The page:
Spatial and temporal visualisation techniques for crash analysis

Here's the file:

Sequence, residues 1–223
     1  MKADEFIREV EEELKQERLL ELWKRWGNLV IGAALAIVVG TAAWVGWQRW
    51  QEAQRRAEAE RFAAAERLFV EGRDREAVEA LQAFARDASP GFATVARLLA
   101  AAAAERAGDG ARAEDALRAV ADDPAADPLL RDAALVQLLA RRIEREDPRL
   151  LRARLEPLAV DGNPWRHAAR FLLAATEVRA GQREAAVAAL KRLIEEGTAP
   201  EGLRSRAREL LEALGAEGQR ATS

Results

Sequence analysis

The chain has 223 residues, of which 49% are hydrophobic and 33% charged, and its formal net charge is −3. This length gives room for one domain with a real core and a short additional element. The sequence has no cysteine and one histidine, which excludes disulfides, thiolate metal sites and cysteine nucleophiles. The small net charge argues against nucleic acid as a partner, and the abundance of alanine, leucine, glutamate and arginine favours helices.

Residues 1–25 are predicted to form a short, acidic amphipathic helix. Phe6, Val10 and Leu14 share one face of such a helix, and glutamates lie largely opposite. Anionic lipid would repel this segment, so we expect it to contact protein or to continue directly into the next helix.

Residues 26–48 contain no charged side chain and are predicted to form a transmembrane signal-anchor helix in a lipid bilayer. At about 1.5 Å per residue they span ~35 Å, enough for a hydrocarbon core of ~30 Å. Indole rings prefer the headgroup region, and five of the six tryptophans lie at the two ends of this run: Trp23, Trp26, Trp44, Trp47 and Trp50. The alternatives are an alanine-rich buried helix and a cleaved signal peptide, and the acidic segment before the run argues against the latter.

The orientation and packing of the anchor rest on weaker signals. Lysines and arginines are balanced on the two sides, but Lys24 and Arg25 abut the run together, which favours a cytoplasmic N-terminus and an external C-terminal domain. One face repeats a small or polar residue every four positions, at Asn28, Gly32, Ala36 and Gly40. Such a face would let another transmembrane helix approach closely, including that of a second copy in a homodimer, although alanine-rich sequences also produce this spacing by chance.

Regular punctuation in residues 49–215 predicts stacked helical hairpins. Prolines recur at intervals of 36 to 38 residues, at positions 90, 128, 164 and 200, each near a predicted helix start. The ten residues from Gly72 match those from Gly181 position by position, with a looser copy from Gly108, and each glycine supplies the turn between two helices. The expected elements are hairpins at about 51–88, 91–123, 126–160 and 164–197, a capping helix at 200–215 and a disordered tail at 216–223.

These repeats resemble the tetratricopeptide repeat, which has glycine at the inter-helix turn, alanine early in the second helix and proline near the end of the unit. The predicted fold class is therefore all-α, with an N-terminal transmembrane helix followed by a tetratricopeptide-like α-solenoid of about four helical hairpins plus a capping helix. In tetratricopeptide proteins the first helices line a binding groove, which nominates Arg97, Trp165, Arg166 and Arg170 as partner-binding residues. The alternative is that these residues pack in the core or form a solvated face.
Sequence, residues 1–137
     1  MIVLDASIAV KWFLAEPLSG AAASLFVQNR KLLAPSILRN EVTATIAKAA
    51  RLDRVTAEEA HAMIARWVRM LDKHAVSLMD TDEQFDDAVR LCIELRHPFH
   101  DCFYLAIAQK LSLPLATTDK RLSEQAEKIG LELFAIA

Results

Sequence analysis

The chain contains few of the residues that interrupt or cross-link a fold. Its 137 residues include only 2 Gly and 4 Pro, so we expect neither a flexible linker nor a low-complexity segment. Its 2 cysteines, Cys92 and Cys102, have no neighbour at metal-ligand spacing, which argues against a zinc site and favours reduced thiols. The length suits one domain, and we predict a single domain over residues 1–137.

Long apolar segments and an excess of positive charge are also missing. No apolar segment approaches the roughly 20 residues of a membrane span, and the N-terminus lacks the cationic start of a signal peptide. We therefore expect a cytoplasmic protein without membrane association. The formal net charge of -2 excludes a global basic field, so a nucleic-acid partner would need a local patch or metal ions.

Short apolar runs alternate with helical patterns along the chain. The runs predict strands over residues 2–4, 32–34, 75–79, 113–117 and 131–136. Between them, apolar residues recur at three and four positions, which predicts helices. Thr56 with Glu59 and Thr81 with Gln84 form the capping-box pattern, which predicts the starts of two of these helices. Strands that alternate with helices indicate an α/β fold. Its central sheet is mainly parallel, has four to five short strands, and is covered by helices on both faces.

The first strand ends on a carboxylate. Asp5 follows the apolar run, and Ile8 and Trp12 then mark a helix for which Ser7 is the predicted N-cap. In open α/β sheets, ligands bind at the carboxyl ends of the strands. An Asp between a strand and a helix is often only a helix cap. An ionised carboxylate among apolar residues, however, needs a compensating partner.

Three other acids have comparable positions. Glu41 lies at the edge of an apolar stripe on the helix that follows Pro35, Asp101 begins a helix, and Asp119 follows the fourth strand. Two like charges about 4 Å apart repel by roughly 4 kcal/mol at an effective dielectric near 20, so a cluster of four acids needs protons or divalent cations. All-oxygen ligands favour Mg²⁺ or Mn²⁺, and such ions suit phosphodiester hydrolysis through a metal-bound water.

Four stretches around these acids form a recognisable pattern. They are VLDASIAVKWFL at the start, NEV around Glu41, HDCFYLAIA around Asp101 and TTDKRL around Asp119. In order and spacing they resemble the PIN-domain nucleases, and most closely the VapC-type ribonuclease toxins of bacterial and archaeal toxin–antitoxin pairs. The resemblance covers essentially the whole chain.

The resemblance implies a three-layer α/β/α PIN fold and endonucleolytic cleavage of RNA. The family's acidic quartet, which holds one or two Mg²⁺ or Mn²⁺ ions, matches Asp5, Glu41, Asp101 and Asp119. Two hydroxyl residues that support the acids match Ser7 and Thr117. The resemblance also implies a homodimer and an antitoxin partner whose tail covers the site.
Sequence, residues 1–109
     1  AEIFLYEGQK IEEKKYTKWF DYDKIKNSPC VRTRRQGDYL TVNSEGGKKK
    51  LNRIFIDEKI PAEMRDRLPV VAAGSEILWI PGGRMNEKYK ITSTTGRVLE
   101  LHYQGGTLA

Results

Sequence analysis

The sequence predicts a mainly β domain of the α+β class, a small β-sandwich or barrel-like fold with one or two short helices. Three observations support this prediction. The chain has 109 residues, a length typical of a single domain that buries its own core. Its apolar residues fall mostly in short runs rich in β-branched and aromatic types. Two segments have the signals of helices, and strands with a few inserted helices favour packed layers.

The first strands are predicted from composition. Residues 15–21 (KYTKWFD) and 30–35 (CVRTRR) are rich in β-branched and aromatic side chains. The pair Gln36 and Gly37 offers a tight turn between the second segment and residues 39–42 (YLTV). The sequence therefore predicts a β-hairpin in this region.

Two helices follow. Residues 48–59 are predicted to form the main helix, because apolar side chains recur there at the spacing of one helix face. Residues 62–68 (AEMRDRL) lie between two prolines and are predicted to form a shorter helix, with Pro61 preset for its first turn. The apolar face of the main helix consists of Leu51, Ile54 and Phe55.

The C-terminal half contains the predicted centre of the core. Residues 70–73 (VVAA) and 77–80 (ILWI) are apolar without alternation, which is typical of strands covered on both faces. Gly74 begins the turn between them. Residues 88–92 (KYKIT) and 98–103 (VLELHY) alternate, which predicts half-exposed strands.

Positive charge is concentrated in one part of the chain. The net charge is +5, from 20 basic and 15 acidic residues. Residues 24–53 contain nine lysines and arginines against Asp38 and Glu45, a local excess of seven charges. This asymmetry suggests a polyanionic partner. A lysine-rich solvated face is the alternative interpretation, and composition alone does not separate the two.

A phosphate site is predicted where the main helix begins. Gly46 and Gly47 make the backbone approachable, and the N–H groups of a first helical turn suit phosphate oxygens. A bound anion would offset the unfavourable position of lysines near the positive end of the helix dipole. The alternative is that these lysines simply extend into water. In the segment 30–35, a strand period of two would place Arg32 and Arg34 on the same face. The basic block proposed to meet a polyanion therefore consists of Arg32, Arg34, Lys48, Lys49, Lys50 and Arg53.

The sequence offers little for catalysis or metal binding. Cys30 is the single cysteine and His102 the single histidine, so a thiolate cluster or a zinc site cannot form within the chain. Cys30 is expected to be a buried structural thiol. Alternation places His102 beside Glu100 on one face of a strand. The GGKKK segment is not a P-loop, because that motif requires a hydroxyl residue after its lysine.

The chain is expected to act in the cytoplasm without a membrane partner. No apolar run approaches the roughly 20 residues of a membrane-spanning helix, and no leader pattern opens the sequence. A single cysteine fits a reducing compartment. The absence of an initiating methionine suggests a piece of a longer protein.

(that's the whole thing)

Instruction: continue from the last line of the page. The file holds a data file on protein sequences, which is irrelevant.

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Understanding the underlying structure of single vehicle crashes (SVCs) is essential for improving safety on the roads. Past research has found that SVCs tend to cluster both spatially and temporally. However, limited research has been conducted to investigate the interaction between the location of SVCs and the time they occur, especially at different levels of scales or spatial extents. This paper applied spatial, temporal and spatio-temporal techniques to investigate patterns of SVCs in Western Australia between 1999 to 2008, at different levels of scale. Spider graphs were adapted to identify temporal patterns of vehicle crashes at two different levels of scales: daily and weekly with respect to their causes. The spatial structures of vehicle crashes were analysed using Kernel Density Estimation analysis at three different scales: West Australia, Metropolitan area, and Perth Local Government Area (LGA). These are illustrated using spatial zooming theory. Comap was then used to demonstrate the spatio-temporal interaction effect on vehicle crashes. The results show significant differences in spatio-temporal patterns of SVCs for various crash causes. The techniques used here have the potential to help decision makers in developing effective road safety strategies.
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